I should start with two (random and only mildly related) pieces of information. First of all, despite jetsetting around the world right now, I’m having a crappy week, so I was kind of looking forward to the solitude of being on an airplane for 24 hours, without too much human intervention. Second, I’m a bad drinker. I usually don’t drink alcohol, though I can’t turn down a glass or two of Dom/Krug on Singapore. More than anything else it’s the beauty of the glass, bubbles, etc., that I like, as opposed to the actual alcohol.
You know I’m a lightweight when I start making animal noises in the Singapore Airlines Private Room after two glasses of champagne. Oy. This is why I stick to Diet Coke with lime. Anyway, on to the actual flight…
As many of you guessed in my previous post, I just flew from Singapore to Tokyo Narita on Singapore Airlines in first class. I redeemed 51,000 KrisFlyer miles for the one-way ticket, which I got through a Membership Rewards points transfer.
In theory the flight I was on, SQ638, was entirely uninteresting. It’s a redeye flight with simply a breakfast service, though the service was out-of-this-world amazing. Hands down the best I’ve ever had on any airline ever. And this isn’t just the bottle of Krug I polished off talking.
As I boarded the in-flight service manager and leading stewardess welcomed me aboard by name before even looking at my boarding pass. As I was escorted to my seat (2A), the leading stewardess, Wong Chin said with the biggest smile on her face “Mr. Lucky, you have first class all to yourself tonight, and I promise to pamper you.” Oh, the possibilities…
And she did proceed to pamper me nonstop, even though I slept for most of the flight. At boarding she presented me with newspapers, magazines, a pre-departure beverage (when I ordered champagne she had a smirk on her face and obvious pride as she said “Mr. Lucky, would you prefer Dom or Krug?”), hot towels, pajamas, and the menu.
Singapore Airlines only serves breakfast on this flight so she asked whether I wanted it after takeoff or before landing, and I went with the latter. She asked if I wanted to already make a selection so that she could have it prepared for me when I wake up, and I went with the scrambled eggs.
While I was assigned seat 2A, Wong Chin set up my bed in 1A so that I’d be able to leave my original seat in the upright position for breakfast. After a nice nap I woke up and within two minutes Wong Chin appeared and said “Mr. Lucky, did you enjoy your rest? May I get you something to drink, perhaps some hot cocoa?” What am I, five years old? Actually I guess I am, cause I was totally in the mood.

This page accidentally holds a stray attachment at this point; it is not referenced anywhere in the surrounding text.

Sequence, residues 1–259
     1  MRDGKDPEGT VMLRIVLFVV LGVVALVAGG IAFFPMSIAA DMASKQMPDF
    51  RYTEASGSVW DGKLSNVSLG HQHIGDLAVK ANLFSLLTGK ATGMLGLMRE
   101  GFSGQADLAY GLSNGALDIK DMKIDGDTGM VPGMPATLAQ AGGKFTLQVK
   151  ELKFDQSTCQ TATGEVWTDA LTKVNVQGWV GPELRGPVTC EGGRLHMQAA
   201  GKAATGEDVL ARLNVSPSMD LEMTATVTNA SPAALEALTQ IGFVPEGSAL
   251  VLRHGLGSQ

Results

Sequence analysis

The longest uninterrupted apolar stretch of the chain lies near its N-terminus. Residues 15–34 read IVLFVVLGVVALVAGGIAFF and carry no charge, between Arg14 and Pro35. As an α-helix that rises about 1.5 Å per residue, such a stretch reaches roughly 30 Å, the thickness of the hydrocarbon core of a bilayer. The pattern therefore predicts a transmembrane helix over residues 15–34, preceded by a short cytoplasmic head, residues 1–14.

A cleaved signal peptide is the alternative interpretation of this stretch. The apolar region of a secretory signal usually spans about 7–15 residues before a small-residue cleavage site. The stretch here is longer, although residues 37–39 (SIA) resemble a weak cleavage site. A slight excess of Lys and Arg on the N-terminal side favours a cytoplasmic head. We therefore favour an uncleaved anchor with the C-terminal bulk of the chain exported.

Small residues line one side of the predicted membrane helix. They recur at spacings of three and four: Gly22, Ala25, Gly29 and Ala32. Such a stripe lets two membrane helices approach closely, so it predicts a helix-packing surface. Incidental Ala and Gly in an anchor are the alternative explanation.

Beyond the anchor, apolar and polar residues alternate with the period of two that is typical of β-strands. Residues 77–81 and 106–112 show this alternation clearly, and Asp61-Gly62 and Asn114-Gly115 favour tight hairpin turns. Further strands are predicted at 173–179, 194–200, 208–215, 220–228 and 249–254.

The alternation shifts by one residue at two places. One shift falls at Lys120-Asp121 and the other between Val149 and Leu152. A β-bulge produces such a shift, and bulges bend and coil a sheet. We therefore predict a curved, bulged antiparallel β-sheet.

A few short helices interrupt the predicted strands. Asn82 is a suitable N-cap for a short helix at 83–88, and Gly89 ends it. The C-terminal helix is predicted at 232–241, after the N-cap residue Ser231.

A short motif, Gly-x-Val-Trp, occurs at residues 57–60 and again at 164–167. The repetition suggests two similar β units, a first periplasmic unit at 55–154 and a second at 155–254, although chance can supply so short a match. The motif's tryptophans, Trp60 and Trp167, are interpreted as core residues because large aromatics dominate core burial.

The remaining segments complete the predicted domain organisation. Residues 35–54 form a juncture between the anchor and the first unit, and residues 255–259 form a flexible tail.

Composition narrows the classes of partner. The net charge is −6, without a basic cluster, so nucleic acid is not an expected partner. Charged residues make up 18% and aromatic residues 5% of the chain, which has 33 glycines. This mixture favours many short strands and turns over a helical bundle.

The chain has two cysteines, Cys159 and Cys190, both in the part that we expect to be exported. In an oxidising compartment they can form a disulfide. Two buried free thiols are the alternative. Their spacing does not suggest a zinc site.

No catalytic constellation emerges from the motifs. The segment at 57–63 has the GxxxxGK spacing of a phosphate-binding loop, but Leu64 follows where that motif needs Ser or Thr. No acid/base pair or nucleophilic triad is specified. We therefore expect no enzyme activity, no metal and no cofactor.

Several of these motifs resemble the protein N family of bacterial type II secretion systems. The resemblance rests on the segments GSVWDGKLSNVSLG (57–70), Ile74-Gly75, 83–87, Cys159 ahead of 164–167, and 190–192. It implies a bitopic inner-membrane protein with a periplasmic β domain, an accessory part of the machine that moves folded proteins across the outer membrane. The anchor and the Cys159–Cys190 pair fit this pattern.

Then I went back to seat 2A, where Wong Chin had set up the following display (and note that border is hand drawn as well, and she made the flower display out of paper on her own):
As soon as she saw that I was back in seat 2A she came over and said “Mr. Lucky, I took the liberty of setting up a little display for you. I hope you have an amazing day.”
It was truly heartwarming. There’s good service and then there are people that just want to make you smile, and Wong Chin fits in the latter category.
We talked for a few minutes, and her attitude was so refreshing — “Mr. Lucky, I love my job and interacting with passengers. When I set up the display the in-flight manager asked me what I was doing, and I said ‘making my passenger smile.’ That’s my passion.”
I kept stressing to her how amazing she was and how touching the gesture was, and said I’d put the note on my desk in my office as it would put a smile on my face every morning. She responded with “Mr. Lucky, in that instance may I put some more stickers on it for you?”
10 minutes later she returned with this:
While airlines, hotel chains, etc., might be large, faceless corporations, it’s individuals that deliver the experience. And while some might call me naive for thinking this, at times I’m genuinely touched by actions like this.
Stay tuned for the actual trip report, as this is only the top of the iceberg as far as the service goes.